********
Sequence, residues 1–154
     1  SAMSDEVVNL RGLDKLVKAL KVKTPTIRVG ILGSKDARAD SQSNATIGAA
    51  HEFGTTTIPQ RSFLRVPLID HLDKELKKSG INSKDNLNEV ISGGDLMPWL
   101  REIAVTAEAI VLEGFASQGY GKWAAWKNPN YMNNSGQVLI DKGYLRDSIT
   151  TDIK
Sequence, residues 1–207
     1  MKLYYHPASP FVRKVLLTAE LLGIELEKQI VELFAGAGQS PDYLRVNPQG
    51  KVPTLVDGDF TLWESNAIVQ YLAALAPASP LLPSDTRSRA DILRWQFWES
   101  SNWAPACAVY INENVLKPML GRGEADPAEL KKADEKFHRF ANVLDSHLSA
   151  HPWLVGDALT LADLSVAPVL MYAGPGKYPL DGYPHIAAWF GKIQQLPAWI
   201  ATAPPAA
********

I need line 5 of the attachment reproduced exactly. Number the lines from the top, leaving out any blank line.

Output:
   151  TDIK